Bronchitis is a condition where the bronchial tubes in the lungs become inflamed, which causes coughing and excessive mucus. The inflammation can lead to wheezing on exhale and shortness of breath, and symptoms may be worse while lying down. Acute bronchitis is often caused by an infection, and symptoms go away once the infection is treated. Chronic bronchitis is when symptoms last for at least three months and return at least two years in a row. It may be a symptom of other conditions, such as emphysema or COPD. Acute bronchitis can be treated with over-the-counter cough and cold remedies. If the infection is caused by bacteria, your doctor may prescribe antibiotics. If you have chronic bronchitis, your doctor can give you strategies to manage symptoms, such as breathing exercises. 5

6. Obesity

Carrying excess body weight can complicate breathing, and breathing may become more difficult when lying down. Fat deposits around the lungs can restrict normal lung function and lead to wheezing when you exhale, as well as shortness of breath. Obesity can also be a cause of sleep apnea, which makes nighttime breathing more difficult. You may benefit from a CPAP device to reduce breathing issues at night. Your doctor can also advise you on lifestyle changes that may reduce your weight and relieve nighttime wheezing. 6

7. Heart Failure

Congestive heart failure is a condition where your heart cannot pump blood effectively enough to meet your body’s needs. This can cause fluid to back up in the lungs, making it hard to breathe and leading to wheezing, coughing, and shortness of breath, all of which are worse when lying down. Your doctor can prescribe medications that relieve some of the symptoms related to heart failure. You might need medicine to reduce inflammation, decrease fluid build-up, or manage blood pressure. You may benefit from surgery to repair damage to your heart or blood vessels.


How to Get Sleep With Wheezing

You may be able to improve your sleep by making changes to your routine. If GERD is the reason for wheezing on exhale when lying down, you may find it helpful to stop eating several hours before bedtime. Keeping a food diary may help you understand any connections between what you eat and nighttime wheezing. Avoid alcohol and caffeine, as they can make sleeplessness worse. Keeping your sleep area free of allergens or asthma triggers can lower the risk of wheezing when you exhale when you’re trying to sleep. Sleeping with your head raised can improve airway function so you breathe more easily at night.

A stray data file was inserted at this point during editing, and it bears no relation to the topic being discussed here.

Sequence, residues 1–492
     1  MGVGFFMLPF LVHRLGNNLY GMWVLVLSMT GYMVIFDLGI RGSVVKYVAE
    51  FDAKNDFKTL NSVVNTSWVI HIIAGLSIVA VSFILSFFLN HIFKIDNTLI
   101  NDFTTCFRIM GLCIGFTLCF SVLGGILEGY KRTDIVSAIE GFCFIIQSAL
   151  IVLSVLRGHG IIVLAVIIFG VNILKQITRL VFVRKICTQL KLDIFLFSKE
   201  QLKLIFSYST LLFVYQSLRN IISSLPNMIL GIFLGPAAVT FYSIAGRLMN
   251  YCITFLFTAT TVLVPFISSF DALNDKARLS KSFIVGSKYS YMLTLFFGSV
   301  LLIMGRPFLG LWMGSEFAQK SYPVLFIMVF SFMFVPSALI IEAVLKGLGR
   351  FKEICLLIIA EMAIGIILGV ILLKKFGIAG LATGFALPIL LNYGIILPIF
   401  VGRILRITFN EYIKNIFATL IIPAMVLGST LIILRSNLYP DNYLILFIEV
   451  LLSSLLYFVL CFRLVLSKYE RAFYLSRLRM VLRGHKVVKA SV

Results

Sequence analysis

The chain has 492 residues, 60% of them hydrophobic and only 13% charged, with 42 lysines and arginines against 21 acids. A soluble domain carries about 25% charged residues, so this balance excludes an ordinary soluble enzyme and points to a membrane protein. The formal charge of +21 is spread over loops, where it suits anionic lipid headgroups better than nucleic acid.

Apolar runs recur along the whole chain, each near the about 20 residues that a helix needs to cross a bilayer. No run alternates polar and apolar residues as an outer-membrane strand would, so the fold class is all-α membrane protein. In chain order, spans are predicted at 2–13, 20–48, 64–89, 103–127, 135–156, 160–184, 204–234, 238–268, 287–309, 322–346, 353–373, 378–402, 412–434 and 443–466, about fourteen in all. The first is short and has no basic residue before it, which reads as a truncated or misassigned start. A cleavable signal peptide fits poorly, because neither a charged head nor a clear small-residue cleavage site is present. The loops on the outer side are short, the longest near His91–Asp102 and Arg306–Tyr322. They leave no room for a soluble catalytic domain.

When to See a Clinician

If nighttime wheezing is a persistent problem that’s stopping you from getting the rest you need, speak to a doctor. They can help you figure out why you’re wheezing when you exhale while lying down.

You may need a sleep study to determine the cause of your breathing issues. You may also need testing to check your lung function. This might include X-rays, blood tests, an EKG, or exercise tests to see how your lungs work while you’re moving. Once your doctor has diagnosed the cause of your breathing problems, they can help you develop a treatment plan.

The doctors at Healthcare Associates of Texas can answer all your questions about breathing and sleep difficulties. Contact us to set up an appointment at any of our locations.



  1. Mayo Clinic. “Sleep Apnea.” No date.
  2. Cleveland Clinic. “GERD (Chronic Acid Reflux).” No date.
  3. Mayo Clinic. “COPD.” No date.
  4. Centers for Disease Control and Prevention. “Asthma.” No date.
  5. National Heart, Lung, and Blood Institute. “Bronchitis.” No date.
  6. Çolak Y, Afzal S, Lange P, et al. Obese individuals experience wheezing without asthma but not asthma without wheezing: a Mendelian randomization study of 85 437 adults from the Copenhagen General Population Study. Thorax
  7. Mayo Clinic. “Heart Failure.” No date.